An ode to tap water: drink it, citizens!

0

rippling fresh waterThe man on TV, somewhere in steaming hot central Africa, explained to the interviewer that a charity’s support meant his village now had fresh, cool water to drink… for the first time.

If you’ve ever had to drink water at air temperature during the summer you’ll know how horrid it is, and how chilled water seems so much more refreshing.

It made me think about how lucky we are in Britain to have a more or less guaranteed supply of cool, clean, fresh water on tap in every home in the country. Yet fewer and fewer of us are actually drinking it.

We use it to wash and bathe in, to clean our cars and our clothes. But the drinking water we’ve always been so proud of isn’t our water of choice for drinking any more. Instead, millions of us buy bottles of mineral water.

When Perrier first hit the supermarket shelves, ordinary people laughed at the silly Yuppies who bought it, people with more money than sense. Why buy it bottled when we have some of the finest tap water on the planet? A few years later the pretentious trend had been normalised and everyone was drinking the bloody stuff, although to many it still felt like a guilty pleasure.

Why do we like so-called ‘mineral’ water so much? Is it just because it’s fizzy, so more interesting to the palate than tap water?  Maybe it’s because of the misconception that it’s healthier, full of lovely minerals that tap water doesn’t contain. Which, of course, is rubbish.

As the sheknows website says:

“There is a belief that bottled water is far healthier than tap water, free of bacteria and nasty chemicals and that this is reflected in the taste. “Pure” is a word that water companies like to include in advertising campaigns and slogans, knowing that many people attach it to health and superiority over other products. However, many people believe that bottled water is nothing more than a money-making scheme backed by clever marketing that the public repeatedly falls for.”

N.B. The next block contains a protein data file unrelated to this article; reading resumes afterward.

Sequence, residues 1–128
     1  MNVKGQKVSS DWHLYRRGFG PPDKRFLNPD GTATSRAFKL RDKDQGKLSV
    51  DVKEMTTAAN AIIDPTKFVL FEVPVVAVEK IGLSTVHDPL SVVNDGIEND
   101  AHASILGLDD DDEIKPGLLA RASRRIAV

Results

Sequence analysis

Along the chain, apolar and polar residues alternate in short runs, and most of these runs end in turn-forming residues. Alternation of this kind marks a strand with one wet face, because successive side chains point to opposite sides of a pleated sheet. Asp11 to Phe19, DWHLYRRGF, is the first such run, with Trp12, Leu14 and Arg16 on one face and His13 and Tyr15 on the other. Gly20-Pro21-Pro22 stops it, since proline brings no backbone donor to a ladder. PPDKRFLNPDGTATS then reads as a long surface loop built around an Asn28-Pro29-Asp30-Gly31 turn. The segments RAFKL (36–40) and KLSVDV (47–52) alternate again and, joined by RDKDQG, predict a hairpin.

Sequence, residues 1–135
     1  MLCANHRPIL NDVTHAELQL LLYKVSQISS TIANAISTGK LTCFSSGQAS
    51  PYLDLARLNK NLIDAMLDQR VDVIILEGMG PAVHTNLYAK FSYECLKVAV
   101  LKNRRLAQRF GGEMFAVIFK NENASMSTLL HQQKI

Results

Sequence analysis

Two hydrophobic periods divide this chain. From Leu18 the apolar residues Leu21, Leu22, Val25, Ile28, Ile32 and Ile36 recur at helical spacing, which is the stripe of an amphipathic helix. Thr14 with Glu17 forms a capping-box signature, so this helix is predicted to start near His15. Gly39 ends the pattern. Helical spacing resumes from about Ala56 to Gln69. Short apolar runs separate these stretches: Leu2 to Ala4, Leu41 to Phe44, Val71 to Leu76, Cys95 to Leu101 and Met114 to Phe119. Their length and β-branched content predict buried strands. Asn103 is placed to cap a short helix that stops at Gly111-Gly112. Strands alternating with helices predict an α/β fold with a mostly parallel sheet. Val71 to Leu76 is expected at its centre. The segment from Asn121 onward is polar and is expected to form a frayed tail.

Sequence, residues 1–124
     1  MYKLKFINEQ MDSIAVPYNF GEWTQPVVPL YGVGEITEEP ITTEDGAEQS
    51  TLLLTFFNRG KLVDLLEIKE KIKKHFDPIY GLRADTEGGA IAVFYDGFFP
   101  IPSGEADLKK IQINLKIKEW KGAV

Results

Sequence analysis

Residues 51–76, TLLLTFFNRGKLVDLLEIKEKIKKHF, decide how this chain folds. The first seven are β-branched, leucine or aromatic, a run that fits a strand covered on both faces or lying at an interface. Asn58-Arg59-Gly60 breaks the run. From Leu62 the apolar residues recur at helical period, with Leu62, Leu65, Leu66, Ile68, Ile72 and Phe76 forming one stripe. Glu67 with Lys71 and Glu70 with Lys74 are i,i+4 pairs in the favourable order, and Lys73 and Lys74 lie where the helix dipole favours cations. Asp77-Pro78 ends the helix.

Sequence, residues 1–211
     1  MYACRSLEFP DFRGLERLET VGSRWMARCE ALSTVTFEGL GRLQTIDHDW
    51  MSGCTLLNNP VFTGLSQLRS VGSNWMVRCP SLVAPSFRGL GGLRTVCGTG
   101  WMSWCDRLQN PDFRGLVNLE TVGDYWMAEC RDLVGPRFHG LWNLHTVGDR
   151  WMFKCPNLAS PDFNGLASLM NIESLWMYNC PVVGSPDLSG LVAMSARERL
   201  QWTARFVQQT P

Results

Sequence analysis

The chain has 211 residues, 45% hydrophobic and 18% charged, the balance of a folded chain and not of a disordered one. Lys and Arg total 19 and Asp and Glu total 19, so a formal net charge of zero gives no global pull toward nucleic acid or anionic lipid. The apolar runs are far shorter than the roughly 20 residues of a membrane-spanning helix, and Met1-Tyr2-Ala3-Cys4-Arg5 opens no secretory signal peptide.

Bottled water is ridiculously costly,too. A 330 ml bottle costs more than a quid. And the environmental cost is scary.  Only a small proportion of plastic bottles are recyclable and the rest end up in landfill sites.

Worse still, the effect on our health is in question. Water stored in plastic bottles means chemicals from the plastic can leach into the water, including horrid things like Bis-Phenol A. A 2010 study at Tufts University Medical School, Boston, USA found that Bis-Phenol A might increase your risk of cancer. Nasty.

Tap water, on the other hand, is tested rigorously and frequently to make it as safe as possible. The UK’s legal standards are strict: The European Drinking Water Directive 1998, plus various national standards including tests for micro-organisms, chemicals like nitrates and pesticides plus dangerous metals like copper and lead. Another plus – tap water contains fluoride, which can reduce tooth decay and is a major toothpaste ingredient.

The African man I saw on telly would think he’d died and gone to heaven if he’d had a supply on free, fresh, cool, clean water for life, like us. And he probably thinks we’re crazy to drink bottled water when it’s free from a tap.  I can’t help agreeing, when faced with the bare facts.

Are you hooked on mineral water? If so, have you ever thought about why? You could think twice next time you’re down the supermarket and let it lie… why not stick to tap water? If you keep a ready supply in the fridge it’ll stay cool even in the heat of summer. It’ll save you a fortune over time. And it tastes great.

Drink our tap water, citizens!

Share.

About Author

I’m Kate. I live just outside Brighton, high up on the South Downs, with my husband Tony and our three cats. I’m dedicated to saving money, spending less, buying wisely, cutting waste, re-using, recycling, re-purposing and generating cash from the stuff I no longer want.

Leave A Reply